West Otago sheep and beef farmer Todd Perkins regularly undertakes FECRT and FEC testing with his winter 2022 experience reinforcing the value of the practice.
“The cost of a FEC test is negligible and the information I received over winter saved massive amounts in lost production”, Todd explains. “It all comes back to production. FEC testing highlighted potentially contaminated pastures going forward and I was able to farm knowing this, keeping an eye on ewes so I could maintain good scan rates.”
Todd and his wife Amanda have farmed Junction Burn at Raes Junction for more than 20 years and this winter FEC testing showed them that pasture contamination was going to be an issue in spring and could impact lamb weight gain.
“We’ve always undertaken regular faecal egg count reduction tests (FECRT) testing so we know exactly which drenches work. However, this year we have learned that pasture contamination is an issue for us too .”
By conducting 14 tests over the four months between May and August the Perkins identified three unusual parasite burdens on their farm and one parasite hotspot where they were grazing hoggets on another property out of the district.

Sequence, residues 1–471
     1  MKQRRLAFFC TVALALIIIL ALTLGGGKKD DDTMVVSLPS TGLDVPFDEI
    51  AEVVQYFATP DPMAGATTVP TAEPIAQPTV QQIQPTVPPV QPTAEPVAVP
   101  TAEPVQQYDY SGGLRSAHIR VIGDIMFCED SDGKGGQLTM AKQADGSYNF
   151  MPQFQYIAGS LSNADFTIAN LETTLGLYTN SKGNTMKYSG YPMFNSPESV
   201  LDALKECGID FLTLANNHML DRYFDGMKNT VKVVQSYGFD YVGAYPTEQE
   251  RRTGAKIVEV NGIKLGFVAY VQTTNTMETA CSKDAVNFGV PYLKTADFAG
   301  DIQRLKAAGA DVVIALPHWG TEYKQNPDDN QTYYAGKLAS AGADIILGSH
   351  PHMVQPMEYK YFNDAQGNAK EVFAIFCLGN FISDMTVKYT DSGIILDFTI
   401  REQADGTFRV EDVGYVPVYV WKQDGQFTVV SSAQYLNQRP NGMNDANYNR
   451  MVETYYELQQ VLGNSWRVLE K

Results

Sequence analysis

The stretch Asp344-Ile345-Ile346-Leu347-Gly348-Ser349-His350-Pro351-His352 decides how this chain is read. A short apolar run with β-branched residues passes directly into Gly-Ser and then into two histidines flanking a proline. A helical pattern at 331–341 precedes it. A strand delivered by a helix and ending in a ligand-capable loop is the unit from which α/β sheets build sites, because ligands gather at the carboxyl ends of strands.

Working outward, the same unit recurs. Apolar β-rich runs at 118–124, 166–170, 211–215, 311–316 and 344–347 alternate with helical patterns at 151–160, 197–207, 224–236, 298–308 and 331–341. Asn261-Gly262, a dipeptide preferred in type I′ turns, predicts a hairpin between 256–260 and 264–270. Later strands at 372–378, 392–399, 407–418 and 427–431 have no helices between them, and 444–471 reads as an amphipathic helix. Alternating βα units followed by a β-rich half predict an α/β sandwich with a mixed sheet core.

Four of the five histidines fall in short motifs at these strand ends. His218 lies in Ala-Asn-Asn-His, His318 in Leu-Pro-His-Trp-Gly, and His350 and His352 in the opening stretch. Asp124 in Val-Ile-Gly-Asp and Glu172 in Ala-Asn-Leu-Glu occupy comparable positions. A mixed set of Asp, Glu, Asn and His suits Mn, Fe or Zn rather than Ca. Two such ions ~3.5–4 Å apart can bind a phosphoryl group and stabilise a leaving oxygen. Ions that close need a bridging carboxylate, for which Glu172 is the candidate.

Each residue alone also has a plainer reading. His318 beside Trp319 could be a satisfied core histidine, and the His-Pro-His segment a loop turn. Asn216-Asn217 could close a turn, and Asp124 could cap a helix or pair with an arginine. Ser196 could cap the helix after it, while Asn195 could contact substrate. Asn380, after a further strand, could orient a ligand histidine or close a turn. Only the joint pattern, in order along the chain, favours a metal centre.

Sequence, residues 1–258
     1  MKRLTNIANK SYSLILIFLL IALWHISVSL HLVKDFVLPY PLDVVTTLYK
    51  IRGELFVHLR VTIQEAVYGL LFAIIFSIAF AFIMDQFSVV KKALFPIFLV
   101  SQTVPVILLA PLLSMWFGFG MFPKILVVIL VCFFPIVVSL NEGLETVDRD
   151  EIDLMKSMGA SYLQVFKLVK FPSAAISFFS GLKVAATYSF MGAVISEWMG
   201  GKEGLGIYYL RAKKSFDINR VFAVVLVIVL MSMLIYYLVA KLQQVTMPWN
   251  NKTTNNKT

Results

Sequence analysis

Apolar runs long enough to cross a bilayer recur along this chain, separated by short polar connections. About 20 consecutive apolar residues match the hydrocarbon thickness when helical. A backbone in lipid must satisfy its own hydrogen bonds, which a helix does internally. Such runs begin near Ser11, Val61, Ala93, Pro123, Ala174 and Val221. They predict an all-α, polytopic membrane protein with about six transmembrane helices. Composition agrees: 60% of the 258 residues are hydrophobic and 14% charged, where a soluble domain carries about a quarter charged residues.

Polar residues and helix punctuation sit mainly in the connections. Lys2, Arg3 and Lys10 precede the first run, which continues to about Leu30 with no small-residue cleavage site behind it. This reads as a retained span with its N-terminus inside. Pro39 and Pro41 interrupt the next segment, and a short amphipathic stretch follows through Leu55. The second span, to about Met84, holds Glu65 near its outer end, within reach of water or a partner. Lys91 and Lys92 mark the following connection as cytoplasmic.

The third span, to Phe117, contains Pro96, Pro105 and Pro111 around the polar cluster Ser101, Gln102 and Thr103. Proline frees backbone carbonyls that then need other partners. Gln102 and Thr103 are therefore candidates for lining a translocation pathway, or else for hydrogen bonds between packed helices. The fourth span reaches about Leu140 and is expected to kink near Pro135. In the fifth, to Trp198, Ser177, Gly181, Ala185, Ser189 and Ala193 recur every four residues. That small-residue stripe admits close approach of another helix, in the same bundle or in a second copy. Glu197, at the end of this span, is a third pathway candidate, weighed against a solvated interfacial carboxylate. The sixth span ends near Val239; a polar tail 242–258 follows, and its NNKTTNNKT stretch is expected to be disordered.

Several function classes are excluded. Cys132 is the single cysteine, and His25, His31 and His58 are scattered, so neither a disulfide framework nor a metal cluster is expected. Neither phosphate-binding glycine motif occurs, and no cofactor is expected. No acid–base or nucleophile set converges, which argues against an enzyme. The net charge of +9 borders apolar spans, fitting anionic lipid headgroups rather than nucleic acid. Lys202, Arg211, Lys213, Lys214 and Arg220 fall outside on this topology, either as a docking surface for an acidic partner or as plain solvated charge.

“In late autumn I noticed extra pressure on the stock and that made me want to keep an eye on them. I wouldn’t usually test ewes at that time of year, but they had been under pressure and I knew something wasn’t quite right.”
“What I learned with the FEC test was that the pastures would be contaminated going forward and that could be an issue later in the season”.
Armed with that knowledge, Todd was able to keep an eye on that specific pasture when the ram went out and he tested again. The dry autumn and mild winter meant there was good growth on the pastures so the ewes went back on for the second round of grazing, which again Todd monitored with a FEC test so he knew exactly when to drench.
As Todd explains, no farmer wants production loss. “While sometimes you think it takes time to test, what is your time worth? You need to ensure all your work is achieving production. Production is the most important reason for FEC testing…it all comes back to production.”